The Affordable Care Act and whether or not it should be repealed have been key issues for both parties during the election and thereafter. Ted Cruz and Bernie Sanders went head-to-head on primetime CNN to debate Obamacare.
As was expected, Ted Cruz urged Congress to repeal the ACA as soon as possible. Bernie Sanders urged that it be maintained. Interestingly enough, both sides tended to use valid facts to support their points, a more than slightly refreshing change of pace. The debate has been referred to as the Presidential Debate That Never Was.
The first key point of contention was over the will of the people in regards to the ACA. Bernie emphasized repeatedly that the majority of Americans appear to want Obamacare to remain, or at least not be removed until a suitable replacement is enacted. It is likely he was referencing a Kaiser Health Poll released earlier this year.
Ted Cruz pointed out Obama’s promise that everyone would be able to maintain their current healthcare provider/doctor ultimately proved untrue. Politifact rated it as 2013’s Lie of the Year. Nearly 4 million Americans received cancellation notices due to Obamacare. On the other hand, while Cruz claimed around 6 million American’s lost their insurance due to the ACA, it appears only about 2.6 million received actual cancellations of policies while of that number under one million ended up without any sort of coverage.
Another key point of the debate revolved around the effects of the Affordable Care Act on businesses, especially the detriment the act has had on small businesses. During the debate, CNN reports “LaRonda Hunter, who owns five hair salons in Texas, said she can’t afford to provide coverage to her employees because of low profit margins and that the Obamacare rule is preventing her from growing her business.”
Sanders reply was not favorable towards these small businesses.
“I’m sorry, I think that in America today, everybody should have health care. And if you have more than 50 people, you know what, I think I’m afraid to tell you, but I think you will have to provide health insurance…. Millions of businesses are being told by Democrats: tough luck,” Sanders said on the CNN debate. “It’s one of the most damaging things about Obamacare.”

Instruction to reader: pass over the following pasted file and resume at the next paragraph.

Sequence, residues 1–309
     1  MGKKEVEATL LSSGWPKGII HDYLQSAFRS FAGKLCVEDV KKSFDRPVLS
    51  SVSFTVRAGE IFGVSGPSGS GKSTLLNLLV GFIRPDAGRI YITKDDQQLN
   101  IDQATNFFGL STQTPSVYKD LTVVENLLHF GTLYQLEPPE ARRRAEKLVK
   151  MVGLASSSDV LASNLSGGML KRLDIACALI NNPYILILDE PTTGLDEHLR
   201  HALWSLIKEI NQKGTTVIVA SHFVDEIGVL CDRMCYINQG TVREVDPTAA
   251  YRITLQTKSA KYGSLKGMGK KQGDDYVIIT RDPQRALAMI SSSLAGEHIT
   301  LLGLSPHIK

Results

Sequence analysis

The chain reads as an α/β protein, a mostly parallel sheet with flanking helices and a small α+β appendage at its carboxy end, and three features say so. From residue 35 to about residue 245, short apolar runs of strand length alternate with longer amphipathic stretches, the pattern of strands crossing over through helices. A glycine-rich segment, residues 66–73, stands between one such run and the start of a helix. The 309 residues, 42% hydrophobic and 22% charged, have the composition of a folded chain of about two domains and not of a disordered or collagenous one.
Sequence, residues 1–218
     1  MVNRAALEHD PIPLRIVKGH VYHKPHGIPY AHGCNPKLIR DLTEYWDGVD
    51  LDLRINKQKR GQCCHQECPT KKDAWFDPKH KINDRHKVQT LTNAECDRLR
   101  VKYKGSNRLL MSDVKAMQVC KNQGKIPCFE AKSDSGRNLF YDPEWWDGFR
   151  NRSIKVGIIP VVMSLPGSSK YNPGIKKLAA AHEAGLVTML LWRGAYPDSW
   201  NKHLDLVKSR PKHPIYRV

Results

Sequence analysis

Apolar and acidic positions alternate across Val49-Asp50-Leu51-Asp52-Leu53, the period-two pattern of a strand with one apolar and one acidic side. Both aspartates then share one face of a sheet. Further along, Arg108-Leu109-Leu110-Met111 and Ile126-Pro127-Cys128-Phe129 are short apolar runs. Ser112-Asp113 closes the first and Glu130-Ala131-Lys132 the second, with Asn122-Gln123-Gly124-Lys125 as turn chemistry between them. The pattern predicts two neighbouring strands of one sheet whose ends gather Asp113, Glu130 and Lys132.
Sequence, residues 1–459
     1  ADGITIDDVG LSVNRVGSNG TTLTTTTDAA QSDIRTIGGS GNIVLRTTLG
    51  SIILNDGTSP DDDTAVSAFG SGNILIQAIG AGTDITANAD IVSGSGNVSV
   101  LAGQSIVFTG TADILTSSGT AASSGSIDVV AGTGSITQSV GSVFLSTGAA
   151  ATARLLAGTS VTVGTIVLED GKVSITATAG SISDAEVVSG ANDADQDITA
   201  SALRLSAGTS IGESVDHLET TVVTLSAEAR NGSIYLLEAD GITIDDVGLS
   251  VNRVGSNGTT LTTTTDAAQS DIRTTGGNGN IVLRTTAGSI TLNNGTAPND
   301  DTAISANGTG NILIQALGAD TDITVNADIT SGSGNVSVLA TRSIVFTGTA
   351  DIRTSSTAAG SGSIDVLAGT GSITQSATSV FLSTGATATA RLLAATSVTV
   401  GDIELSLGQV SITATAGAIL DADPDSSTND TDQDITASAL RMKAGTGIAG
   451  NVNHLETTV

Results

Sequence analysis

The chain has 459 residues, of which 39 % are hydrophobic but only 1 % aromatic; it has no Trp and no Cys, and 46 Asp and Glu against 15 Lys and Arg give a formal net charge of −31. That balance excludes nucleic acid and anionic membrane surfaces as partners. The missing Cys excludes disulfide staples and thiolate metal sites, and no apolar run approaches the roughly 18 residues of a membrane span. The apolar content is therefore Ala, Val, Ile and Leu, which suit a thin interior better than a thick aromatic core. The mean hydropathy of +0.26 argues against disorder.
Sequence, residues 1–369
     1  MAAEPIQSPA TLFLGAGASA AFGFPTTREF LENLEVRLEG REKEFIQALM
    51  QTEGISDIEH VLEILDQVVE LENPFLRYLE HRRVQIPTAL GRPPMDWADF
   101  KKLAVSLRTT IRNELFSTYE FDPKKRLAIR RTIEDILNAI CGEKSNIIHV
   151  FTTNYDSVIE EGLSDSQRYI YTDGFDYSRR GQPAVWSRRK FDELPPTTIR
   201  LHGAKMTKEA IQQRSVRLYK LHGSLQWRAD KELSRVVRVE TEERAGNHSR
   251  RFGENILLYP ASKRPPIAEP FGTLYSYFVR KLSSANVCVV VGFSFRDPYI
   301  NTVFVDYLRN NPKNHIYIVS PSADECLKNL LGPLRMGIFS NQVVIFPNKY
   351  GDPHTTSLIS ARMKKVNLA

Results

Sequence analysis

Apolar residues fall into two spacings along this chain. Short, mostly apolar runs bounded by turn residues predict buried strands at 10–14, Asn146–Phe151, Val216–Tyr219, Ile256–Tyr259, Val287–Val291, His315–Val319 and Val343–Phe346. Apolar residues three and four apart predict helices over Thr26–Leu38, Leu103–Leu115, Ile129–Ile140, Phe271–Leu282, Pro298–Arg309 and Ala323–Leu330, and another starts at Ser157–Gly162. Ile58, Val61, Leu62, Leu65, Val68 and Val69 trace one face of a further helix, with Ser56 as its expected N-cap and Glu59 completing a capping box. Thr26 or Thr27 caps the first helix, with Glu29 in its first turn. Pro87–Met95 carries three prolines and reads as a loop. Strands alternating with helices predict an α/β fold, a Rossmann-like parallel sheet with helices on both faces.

A third point to the debate revolved around the high cost of developing new drugs. Studies indicate it can cost anywhere between $800 million to $5 billion, albeit a more likely figure is the one Ted quoted at around $2-3 billion per new drug. Both legislators agreed that something needs to be done in regards to “Big Pharma” and the out-of-hand costs of developing drugs. Interestingly enough, Doctors Without Borders believes new drugs can be developed for as little as $50-$186 million each. No doubt part of the inflated cost of new drugs is a combination of inefficiency, greed, and FDA regulations.
Both Cruz and Sanders recently voted in favor of legislation which would allow lower price prescription drugs to be imported from other countries such as Canada, though the bill was rejected by a 52-46 margin. Of the 13 Democratic Senators who voted against the bill, several of them are closely tied to Big Pharma, with one receiving hundreds of thousands of dollars of campaign contributions from a drug company.
Despite drastically different views on the viability of the Affordable Care Act, it is clear that both men are looking out for what they believe to be the best for their constituents. And as demonstrated by their mutual support of the previously mentioned drug legislation, they can work together to improve the healthcare options for the American people.
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[Featured Image by Spencer Platt/Getty Images]